The right reverend Prelate’s question is very well linked to the point made by the noble Duke, the Duke of Wellington. The urgency of these matters is reflected in the urgency with which we are intending to deal with them. I would hate any noble Lord to be of the view that some of the dates in legislation, such as the Environment Act and in other measures to control this, mean that we are going to continue to allow pollution in the belief that it is suddenly going to drop off a cliff at the end. We are tackling the most important public health areas, such as bathing waters, the chalk streams that the noble Baroness, Lady Jones, mentioned and the most precious environments—some of which have overlaying international designations. It is right that we have public health to consider, but we also have the health of our natural environment. We are tackling the problems where they are worst and where we can make the most difference as quickly as possible.
My Lords, the noble Duke, the Duke of Wellington, talked about the lack of progress and frustration. The Minister talked about the storm overflow reduction plans, but they are not due to be completed until 2050. This is hardly “urgency”. Why do the Government seem happy to crack down more heavily on environmental protestors than they do on environmental polluters?
The noble Baroness is usually much more devastating in her attacks than that. She knows that 2050 is a date by which we hope to see the problem completely resolved. We are going to move very fast on many of the areas where the problem is greatest. As for the idea that we are going to continue to leave this to future generations, that is not the case. The Environment Act is one of the most progressive pieces of environmental legislation anywhere. It has water quality at its heart. The drainage and wastewater management plans will be reviewed again in 2027 to see if our ambitions are being fulfilled. We can change them with government direction through the water regulators, the Environment Agency, Ofwat and the Drinking Water Inspectorate, to make sure that we are getting this problem sorted. It is not a question of making a decision between people gluing their fingers to a road and solving this. This is a problem we can solve now, and we are doing so.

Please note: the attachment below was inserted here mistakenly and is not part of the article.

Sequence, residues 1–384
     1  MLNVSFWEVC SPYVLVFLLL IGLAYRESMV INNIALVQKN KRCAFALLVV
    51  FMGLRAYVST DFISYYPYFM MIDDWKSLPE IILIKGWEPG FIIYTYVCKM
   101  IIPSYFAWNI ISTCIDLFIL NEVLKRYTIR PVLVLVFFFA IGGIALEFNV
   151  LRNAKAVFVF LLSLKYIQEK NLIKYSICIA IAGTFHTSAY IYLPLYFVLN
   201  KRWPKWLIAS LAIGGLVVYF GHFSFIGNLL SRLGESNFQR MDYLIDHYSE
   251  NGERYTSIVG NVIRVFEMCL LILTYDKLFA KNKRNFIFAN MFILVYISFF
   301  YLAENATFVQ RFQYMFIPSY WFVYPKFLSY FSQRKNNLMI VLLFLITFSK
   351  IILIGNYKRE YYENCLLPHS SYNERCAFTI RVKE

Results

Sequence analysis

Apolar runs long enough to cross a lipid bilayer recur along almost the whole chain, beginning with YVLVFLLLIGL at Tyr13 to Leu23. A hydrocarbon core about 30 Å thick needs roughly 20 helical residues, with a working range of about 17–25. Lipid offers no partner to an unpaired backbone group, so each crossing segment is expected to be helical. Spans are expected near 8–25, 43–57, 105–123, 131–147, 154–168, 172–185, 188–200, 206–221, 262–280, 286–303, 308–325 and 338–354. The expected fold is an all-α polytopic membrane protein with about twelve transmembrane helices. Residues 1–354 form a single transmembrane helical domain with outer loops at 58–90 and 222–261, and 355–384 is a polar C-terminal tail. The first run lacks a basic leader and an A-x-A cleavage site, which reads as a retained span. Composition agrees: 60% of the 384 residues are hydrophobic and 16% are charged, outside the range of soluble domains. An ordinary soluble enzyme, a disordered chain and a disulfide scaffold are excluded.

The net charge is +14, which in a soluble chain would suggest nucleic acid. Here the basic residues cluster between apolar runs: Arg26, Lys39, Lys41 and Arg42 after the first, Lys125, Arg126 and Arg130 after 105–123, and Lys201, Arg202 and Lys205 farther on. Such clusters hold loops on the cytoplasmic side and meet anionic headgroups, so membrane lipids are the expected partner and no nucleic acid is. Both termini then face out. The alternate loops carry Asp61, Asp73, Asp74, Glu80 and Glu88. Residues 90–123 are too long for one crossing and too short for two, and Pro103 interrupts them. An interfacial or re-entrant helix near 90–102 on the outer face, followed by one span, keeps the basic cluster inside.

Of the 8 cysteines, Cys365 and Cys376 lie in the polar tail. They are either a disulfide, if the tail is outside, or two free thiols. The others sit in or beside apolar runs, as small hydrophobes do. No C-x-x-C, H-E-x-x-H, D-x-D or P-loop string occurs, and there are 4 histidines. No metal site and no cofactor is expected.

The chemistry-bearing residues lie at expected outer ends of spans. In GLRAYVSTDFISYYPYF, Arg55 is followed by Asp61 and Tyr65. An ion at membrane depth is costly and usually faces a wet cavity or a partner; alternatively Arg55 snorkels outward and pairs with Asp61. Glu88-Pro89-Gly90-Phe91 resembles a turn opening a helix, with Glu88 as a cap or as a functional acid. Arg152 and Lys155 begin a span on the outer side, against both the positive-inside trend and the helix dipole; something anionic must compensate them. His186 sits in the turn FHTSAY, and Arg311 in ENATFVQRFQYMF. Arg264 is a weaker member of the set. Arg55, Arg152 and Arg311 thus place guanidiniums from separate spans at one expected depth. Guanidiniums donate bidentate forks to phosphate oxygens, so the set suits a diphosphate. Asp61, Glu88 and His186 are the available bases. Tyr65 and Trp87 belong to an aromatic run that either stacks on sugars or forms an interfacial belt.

My Lords, will my noble friend agree that water running off the roads into the combined sewers is contributing to sewage going into watercourses? Will he make sure that the highway authorities are held responsible for rainwater run-off?
My noble friend makes a good point. The recent outflow at St Agnes in Cornwall, which rightly had a lot of publicity, lasted for 10 minutes, and there may have been some sewage in it. After 12 hours of rain, the vast majority was probably soil run-off from farms and run-off from roads. We are bringing in measures to continue to improve farming policy and soil management, and we are putting a lot of resources into this. But she is absolutely right that highways authorities and others have responsibilities to make sure that we look at this holistically, not just in one particular sector.
My Lords, despite heavy fines, water companies carry on discharging sewage into our waterways. Communities affected by this practice are at their wits’ end. There is a danger to aquatic wildlife and children playing close to infected water. Fines do not appear to be a sufficient deterrent. I have heard the Minister’s reassurances, but surely the timeframe is far too long to solve this noxious problem.
I would like to know when the noble Baroness thinks we should precisely say we will end this. We have had a piece of research that says that we can resolve this in its entirety if clean water is divided from dirty water—but the water flowing off our roofs and driveways is going into sewers. If we do that, it would have an impact of £800 on the average bill, taking water bills from just over £400, or more than that, to about £1,230 a year. We have to think of people, particularly those who are nervous at a time of increasing household costs, and we have to get this right. It is easy to come here and say that Ministers should be doing more, faster. We are working really hard to resolve this problem, but we have to be mindful of people’s bills.